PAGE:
Join us for the first Judi’s Room of 2024
Detroit Peer Respite and the Kiva Centers, Different Models with the Same End: Centering People with Lived Experience to Support Individuals in Distress
Wednesday, February 7, 2024 at 3 PM PST
Registration is required.
Despite experiencing recent reductions in staff, MindFreedom International will continue to host its monthly Judi’s Room in conjunction with partnering disability rights organization, I Love You, Lead On. After taking a break in January, we welcome you back!
The first scheduled Judi’s Room of 2024, put together by a small team of dedicated volunteers, will feature co-founders and organizers of the newly formed Detroit Peer Respite, as well as staff members of the Kiva Centers.
This will be an opportunity to compare two models with the same end, centering people with lived experience, with each choosing a different pathway to delivering services to people who are perceived to be in crisis. The Detroit Peer Respite calls itself an abolitionist mental health crisis alternative and does not receive government funding, while the Kiva Center, as with many peer run organizations, partners with the government to deliver services.
The Detroit Peer Respite claims on its website that involuntary hospitalization is “violent and harmful, and rooted in carceral ideology.” Their organizers define disability justice as a “framework for demanding the liberation of disabled people and communities, founded on the understanding that ableism is intersecting with and co-constructed by white supremacy, carcerality, colonialism, capitalism, and gendered oppression.”
Kiva Centers are nationally recognized peer-run and trauma-informed groups that offer training, technical assistance, and networking opportunities across Massachusetts, including MA CPS Training, the Massachusetts Statewide Peer Network, Karaya and Juniper Peer-Run Respites, and the Central Mass Recovery Learning Community (CMRLC). These centers focus on the development and promotion of healing communities for people experiencing trauma, mental health issues, and substance use.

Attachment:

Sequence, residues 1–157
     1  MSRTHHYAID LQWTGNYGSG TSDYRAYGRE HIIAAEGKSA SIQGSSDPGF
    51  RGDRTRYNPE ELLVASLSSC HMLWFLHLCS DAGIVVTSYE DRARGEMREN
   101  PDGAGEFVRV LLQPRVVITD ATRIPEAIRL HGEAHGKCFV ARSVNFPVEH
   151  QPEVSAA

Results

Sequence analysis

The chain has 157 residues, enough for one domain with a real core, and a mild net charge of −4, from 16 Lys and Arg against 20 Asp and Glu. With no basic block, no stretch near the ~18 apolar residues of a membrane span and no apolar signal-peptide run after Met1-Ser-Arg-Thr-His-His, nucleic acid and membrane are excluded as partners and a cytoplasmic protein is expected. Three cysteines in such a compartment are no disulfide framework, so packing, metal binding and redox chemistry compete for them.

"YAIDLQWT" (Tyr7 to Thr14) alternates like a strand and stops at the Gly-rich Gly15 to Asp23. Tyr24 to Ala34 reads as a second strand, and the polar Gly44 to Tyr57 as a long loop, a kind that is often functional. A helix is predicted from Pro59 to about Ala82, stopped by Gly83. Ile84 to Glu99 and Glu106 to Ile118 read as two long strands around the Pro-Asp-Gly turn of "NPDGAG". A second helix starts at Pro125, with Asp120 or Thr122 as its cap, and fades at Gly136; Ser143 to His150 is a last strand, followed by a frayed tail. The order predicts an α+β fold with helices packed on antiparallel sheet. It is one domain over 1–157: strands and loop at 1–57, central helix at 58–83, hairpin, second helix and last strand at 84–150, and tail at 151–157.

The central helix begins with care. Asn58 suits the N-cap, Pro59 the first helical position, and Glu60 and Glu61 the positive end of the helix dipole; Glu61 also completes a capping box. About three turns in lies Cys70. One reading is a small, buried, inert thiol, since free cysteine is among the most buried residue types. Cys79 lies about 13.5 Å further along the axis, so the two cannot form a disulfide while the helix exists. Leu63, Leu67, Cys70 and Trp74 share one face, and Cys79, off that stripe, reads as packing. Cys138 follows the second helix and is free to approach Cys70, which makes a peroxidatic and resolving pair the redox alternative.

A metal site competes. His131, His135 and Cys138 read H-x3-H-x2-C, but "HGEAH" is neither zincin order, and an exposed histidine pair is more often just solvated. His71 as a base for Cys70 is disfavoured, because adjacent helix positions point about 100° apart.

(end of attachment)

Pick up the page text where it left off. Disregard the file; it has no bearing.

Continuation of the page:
Join us for a unique opportunity to compare two models, one which eschews government funding and one in which people with lived experience partner with the government.
Lance Hicks (he/him) is a mixed race, Black, queer, trans femme from Detroit, Michigan. He’s an abolitionist organizer, trauma therapist, and psychiatric survivor who has spent the past 20+ years organizing alongside trans and gender-expansive youth and young adults, as well as d/Disabled, Black, and Brown folks of all ages, for queer + trans liberation and racial justice. Lance has been engaged in suicide prevention, crisis care, and other direct support for folks living in the margins, since age 16. Currently, he’s a founding organizer of Detroit Peer Respite. He also operates an abolitionist therapy practice that primarily provides somatic trauma care for trans and gender-expansive folks.
Amanda Hill is a conjurer of freedom by way of community organizing and energy work. She is an abolitionist working to co-create just – and therefore safe – communities through individual and communal transformative processes. Amanda is director of Healing by Choice! and co-founder of Motor City Mobile Wellness. She is also a Reiki practitioner who incorporates acudetox, emotional support and accessible tools such as plant medicines, sound healing, and breath into whole-person wellness.
Shulamith Acevedo, Kiva Centers Director of Development, started her career as a Peer Bridger, supporting people to re-enter the community after psychiatric incarceration. Her own lived experience, and the trauma she witnessed in psych institutions drove her to help develop a trauma-informed and community alternative. She was instrumental in securing the funding and developing the policies, procedures and philosophy that underpin the “Model A” respite– a home-like environment where Guests can find peer support, community connection and where self-determination is always at the forefront. The Model A respite ensures that Guests have access to community programming even after they leave, through its integration with the Recovery Learning Community model. Guests can also access additional clinical consultation if requested. This model blended Shulamith’s own lived experience as a psychiatric and trauma survivor, who overcame an eating disorder with her passion for disability justice and mutual aid. In her personal life, Shulamith is a writer, avid hiker, practices martial arts and prioritizes seeking joy.
(bio to come)
About Judi’s Room
If you need accommodation for this event, please notify us at email@example.com.
Judi’s Room, named after the late Judi Chamberlin, a human rights leader, is jointly presented by MindFreedom International and “I Love You, Lead On” to offer opportunities for an ongoing cross-disabilities dialogue. Judi’s Room is free and open to the public; it usually starts with one or more expert presenters followed by a public discussion. Donations to support Judi’s Room can be made either to MindFreedom or ‘I Love You Lead On. If you wish to receive future invitations to Judi’s Room please send an email to office@mindfreedom with ‘Add me to Judi’s Room’ in the subject heading.